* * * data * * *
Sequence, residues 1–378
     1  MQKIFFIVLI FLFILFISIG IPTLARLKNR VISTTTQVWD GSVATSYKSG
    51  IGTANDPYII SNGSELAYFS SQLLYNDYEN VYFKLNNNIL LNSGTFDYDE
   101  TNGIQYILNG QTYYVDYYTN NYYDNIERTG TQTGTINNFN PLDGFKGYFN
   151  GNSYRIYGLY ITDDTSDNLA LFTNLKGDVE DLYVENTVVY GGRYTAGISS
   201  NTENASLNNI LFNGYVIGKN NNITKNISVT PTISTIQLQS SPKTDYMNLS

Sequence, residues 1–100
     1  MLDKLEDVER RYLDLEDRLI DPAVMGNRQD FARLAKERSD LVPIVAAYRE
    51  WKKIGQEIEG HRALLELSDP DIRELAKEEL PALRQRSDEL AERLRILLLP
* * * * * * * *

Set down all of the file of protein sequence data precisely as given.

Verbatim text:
Sequence, residues 1–378
     1  MQKIFFIVLI FLFILFISIG IPTLARLKNR VISTTTQVWD GSVATSYKSG
    51  IGTANDPYII SNGSELAYFS SQLLYNDYEN VYFKLNNNIL LNSGTFDYDE
   101  TNGIQYILNG QTYYVDYYTN NYYDNIERTG TQTGTINNFN PLDGFKGYFN
   151  GNSYRIYGLY ITDDTSDNLA LFTNLKGDVE DLYVENTVVY GGRYTAGISS
   201  NTENASLNNI LFNGYVIGKN NNITKNISVT PTISTIQLQS SPKTDYMNLS

Sequence, residues 1–100
     1  MLDKLEDVER RYLDLEDRLI DPAVMGNRQD FARLAKERSD LVPIVAAYRE
    51  WKKIGQEIEG HRALLELSDP DIRELAKEEL PALRQRSDEL AERLRILLLP